Evelyn de Villers, Ph.D.
You are the light of the world. A city on a hill cannot be hidden. Neither do people light a lamp and put it under a bowl. Instead they put it on its stand, and it gives light to everyone in the house. In the same way, let your light shine before men, that they may see your good deeds and praise your Father in heaven.
A remarried couple called me for help. They heard from a friend that I not only coached stepfamilies and had written my dissertation on the subject, but also I was a mom and stepmother to seven children. They both said they were madly in love and had recently married, vowing that this time around it was going to be different. Their hope and enthusiasm, however, was beginning to unravel. Their new marriage was complicated by the children they each brought into the picture. He had three and she had two—all between the ages of eight and fifteen.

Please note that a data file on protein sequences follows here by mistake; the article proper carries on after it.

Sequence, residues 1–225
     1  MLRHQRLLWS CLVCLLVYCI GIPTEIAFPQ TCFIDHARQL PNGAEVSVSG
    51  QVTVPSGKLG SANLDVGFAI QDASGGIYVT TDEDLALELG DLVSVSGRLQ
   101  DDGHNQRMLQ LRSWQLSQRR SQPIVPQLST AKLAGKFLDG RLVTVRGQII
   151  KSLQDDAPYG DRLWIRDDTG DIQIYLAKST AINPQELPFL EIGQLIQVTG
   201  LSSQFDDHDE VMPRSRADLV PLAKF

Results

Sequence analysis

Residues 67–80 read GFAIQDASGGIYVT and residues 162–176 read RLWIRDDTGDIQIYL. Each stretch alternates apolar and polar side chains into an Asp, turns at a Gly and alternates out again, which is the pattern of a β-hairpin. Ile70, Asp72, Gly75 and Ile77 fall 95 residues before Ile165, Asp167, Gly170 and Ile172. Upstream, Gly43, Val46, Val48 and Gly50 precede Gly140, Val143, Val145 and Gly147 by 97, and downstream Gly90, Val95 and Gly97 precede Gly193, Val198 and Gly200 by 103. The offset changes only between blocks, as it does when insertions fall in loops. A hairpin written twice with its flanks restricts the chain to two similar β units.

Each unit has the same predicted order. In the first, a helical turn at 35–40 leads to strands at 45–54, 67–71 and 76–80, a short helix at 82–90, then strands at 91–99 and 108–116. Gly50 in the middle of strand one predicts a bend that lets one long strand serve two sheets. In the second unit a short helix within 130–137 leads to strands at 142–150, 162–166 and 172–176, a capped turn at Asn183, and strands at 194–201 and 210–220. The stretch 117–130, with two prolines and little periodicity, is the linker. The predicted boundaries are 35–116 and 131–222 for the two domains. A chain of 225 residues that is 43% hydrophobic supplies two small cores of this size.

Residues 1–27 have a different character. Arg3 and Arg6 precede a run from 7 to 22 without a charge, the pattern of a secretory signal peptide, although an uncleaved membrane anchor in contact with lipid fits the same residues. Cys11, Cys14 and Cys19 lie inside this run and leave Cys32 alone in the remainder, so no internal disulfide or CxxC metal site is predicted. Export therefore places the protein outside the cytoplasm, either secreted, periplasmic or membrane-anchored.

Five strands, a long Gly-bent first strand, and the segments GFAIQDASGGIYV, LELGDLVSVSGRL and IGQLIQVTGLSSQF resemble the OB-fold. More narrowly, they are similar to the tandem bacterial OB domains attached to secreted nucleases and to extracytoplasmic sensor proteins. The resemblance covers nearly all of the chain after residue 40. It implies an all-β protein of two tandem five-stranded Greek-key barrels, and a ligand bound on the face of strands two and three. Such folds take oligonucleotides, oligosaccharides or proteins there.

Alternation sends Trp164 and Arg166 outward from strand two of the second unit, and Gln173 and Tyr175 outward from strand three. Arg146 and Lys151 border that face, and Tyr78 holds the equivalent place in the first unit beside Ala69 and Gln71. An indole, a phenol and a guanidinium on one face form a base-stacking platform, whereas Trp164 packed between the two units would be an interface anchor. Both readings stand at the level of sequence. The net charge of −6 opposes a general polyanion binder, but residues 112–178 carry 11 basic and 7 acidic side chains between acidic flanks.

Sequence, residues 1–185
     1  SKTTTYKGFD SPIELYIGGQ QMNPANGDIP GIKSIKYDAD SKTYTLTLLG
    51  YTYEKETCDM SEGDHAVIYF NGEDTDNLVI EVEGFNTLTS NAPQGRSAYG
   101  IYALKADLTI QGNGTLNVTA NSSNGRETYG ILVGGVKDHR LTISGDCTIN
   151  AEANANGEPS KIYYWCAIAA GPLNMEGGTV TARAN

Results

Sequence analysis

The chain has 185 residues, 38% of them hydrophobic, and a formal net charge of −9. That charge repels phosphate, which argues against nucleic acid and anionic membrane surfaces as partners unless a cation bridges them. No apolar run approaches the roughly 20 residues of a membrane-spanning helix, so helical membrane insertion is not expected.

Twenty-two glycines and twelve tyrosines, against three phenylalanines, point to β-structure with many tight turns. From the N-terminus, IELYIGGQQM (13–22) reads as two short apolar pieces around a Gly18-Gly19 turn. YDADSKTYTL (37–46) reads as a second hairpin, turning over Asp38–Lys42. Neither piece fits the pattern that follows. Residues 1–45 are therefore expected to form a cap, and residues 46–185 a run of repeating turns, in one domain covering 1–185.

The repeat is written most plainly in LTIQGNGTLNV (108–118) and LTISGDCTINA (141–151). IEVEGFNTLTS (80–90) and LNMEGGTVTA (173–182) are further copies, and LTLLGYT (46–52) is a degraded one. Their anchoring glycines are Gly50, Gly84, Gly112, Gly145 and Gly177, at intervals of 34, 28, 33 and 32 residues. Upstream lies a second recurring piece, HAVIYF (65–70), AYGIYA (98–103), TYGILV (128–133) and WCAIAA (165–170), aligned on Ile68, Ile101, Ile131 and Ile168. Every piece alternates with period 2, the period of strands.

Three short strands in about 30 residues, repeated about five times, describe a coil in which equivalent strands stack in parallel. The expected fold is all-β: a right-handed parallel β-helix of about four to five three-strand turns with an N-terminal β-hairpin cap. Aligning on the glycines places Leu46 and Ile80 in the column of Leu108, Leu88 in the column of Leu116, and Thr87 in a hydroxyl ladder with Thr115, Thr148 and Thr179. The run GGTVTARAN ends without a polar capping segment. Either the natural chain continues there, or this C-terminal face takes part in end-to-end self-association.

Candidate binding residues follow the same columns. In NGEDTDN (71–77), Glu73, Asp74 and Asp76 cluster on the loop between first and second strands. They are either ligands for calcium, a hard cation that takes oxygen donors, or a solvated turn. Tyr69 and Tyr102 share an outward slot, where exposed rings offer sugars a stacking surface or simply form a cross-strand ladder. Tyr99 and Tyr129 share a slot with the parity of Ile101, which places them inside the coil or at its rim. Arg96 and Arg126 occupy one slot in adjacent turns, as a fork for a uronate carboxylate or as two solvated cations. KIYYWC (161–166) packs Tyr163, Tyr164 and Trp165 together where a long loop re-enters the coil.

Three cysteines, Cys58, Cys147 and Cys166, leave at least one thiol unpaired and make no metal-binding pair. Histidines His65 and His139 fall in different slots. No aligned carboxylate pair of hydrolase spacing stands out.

When they married they knew they would have some challenges, but reality was harder than they’d imagined. An overwhelming sense of frustration and tension was settling into their new stepfamily. They both felt uncertain about what their roles were as stepparents, and some of the children were not adjusting well. I explained to them that it is not unusual, particularly for stepfamilies early on, to feel that the problems they may encounter are too big to handle alone. They often need help, and an experienced coach can be just what is needed to help their new family.